<title>Example partition schemes for NixOS on <filename>/dev/sda</filename> (MBR)</title>
<screen language="commands">
# parted /dev/sda -- mklabel msdos
# parted /dev/sda -- mkpart primary 1MiB -8GiB
# parted /dev/sda -- mkpart primary linux-swap -8GiB 100%</screen>
<prompt># </prompt>parted /dev/sda -- mklabel msdos
<prompt># </prompt>parted /dev/sda -- mkpart primary 1MiB -8GiB
<prompt># </prompt>parted /dev/sda -- mkpart primary linux-swap -8GiB 100%</screen>
</example>
<example xml:id="ex-partition-scheme-UEFI">
<title>Example partition schemes for NixOS on <filename>/dev/sda</filename> (UEFI)</title>
<screen language="commands">
# parted /dev/sda -- mklabel gpt
# parted /dev/sda -- mkpart primary 512MiB -8GiB
# parted /dev/sda -- mkpart primary linux-swap -8GiB 100%
# parted /dev/sda -- mkpart ESP fat32 1MiB 512MiB
# parted /dev/sda -- set 3 boot on</screen>
<prompt># </prompt>parted /dev/sda -- mklabel gpt
<prompt># </prompt>parted /dev/sda -- mkpart primary 512MiB -8GiB
<prompt># </prompt>parted /dev/sda -- mkpart primary linux-swap -8GiB 100%
<prompt># </prompt>parted /dev/sda -- mkpart ESP fat32 1MiB 512MiB
<prompt># </prompt>parted /dev/sda -- set 3 boot on</screen>
</example>
<example xml:id="ex-install-sequence">
@ -509,17 +509,17 @@ $ nix-env -i w3m</screen>
<para>
With a partitioned disk.
<screen language="commands">
# mkfs.ext4 -L nixos /dev/sda1
# mkswap -L swap /dev/sda2
# swapon /dev/sda2
# mkfs.fat -F 32 -n boot /dev/sda3 # <lineannotation>(for UEFI systems only)</lineannotation>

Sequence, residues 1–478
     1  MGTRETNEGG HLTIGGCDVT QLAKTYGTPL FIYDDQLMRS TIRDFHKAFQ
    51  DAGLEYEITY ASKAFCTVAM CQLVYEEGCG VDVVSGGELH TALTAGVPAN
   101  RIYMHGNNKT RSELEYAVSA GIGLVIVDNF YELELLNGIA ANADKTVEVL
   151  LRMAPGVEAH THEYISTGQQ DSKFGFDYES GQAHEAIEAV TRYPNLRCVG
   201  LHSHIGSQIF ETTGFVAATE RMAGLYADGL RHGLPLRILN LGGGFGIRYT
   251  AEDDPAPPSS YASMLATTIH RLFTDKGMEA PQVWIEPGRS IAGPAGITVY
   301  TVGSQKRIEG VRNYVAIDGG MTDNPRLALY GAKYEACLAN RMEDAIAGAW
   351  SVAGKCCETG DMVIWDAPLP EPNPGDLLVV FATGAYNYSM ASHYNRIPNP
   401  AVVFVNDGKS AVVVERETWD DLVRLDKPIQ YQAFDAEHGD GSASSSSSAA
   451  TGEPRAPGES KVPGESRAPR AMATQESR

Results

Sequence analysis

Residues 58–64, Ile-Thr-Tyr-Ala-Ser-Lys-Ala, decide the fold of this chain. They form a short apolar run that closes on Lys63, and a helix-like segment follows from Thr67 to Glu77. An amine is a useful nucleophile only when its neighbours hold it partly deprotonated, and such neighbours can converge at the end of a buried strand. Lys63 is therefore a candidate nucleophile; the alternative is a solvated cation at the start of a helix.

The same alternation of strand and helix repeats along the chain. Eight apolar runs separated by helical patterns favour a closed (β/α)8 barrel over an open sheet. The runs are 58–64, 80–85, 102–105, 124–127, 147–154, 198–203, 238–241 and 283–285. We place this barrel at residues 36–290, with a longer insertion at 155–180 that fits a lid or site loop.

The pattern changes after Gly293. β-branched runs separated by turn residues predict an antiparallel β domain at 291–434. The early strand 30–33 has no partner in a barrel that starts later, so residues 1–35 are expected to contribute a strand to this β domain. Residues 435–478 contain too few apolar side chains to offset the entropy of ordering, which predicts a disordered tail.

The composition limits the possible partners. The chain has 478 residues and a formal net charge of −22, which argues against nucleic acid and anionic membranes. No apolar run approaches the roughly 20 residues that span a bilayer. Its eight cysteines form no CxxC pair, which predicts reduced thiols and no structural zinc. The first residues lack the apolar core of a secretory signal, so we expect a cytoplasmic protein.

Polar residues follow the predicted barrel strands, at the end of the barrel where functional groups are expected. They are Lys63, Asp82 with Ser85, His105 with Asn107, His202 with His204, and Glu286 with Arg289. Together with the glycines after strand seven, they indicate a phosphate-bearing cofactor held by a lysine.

# mount /dev/disk/by-label/nixos /mnt
# mkdir -p /mnt/boot # <lineannotation>(for UEFI systems only)</lineannotation>
# mount /dev/disk/by-label/boot /mnt/boot # <lineannotation>(for UEFI systems only)</lineannotation>
# nixos-generate-config --root /mnt
# nano /mnt/etc/nixos/configuration.nix
# nixos-install
# reboot</screen>
<prompt># </prompt>mkfs.ext4 -L nixos /dev/sda1
<prompt># </prompt>mkswap -L swap /dev/sda2
<prompt># </prompt>swapon /dev/sda2
<prompt># </prompt>mkfs.fat -F 32 -n boot /dev/sda3 # <lineannotation>(for UEFI systems only)</lineannotation>
<prompt># </prompt>mount /dev/disk/by-label/nixos /mnt
<prompt># </prompt>mkdir -p /mnt/boot # <lineannotation>(for UEFI systems only)</lineannotation>
<prompt># </prompt>mount /dev/disk/by-label/boot /mnt/boot # <lineannotation>(for UEFI systems only)</lineannotation>
<prompt># </prompt>nixos-generate-config --root /mnt
<prompt># </prompt>nano /mnt/etc/nixos/configuration.nix
<prompt># </prompt>nixos-install
<prompt># </prompt>reboot</screen>
</para>
</example>

10
nixos/doc/manual/man-nixos-generate-config.xml

@ -13,18 +13,18 @@
</refnamediv>
<refsynopsisdiv>
<cmdsynopsis>
<command>nixos-generate-config</command>
<command>nixos-generate-config</command>
<arg>
<option>--force</option>
</arg>
<arg>
<arg choice='plain'>
<option>--root</option>
</arg>
<replaceable>root</replaceable>
</arg>
<arg>
<arg choice='plain'>
<option>--dir</option>
@ -154,7 +154,7 @@
file systems on <filename>/mnt</filename> and
<filename>/mnt/boot</filename>, you would run:
<screen>
$ nixos-generate-config --root /mnt
<prompt>$ </prompt>nixos-generate-config --root /mnt
</screen>
The resulting file
<filename>/mnt/etc/nixos/hardware-configuration.nix</filename> might look
@ -204,7 +204,7 @@ $ nixos-generate-config --root /mnt
<para>
After installation, if your hardware configuration changes, you can run:
<screen>
$ nixos-generate-config
<prompt>$ </prompt>nixos-generate-config
</screen>
to update <filename>/etc/nixos/hardware-configuration.nix</filename>. Your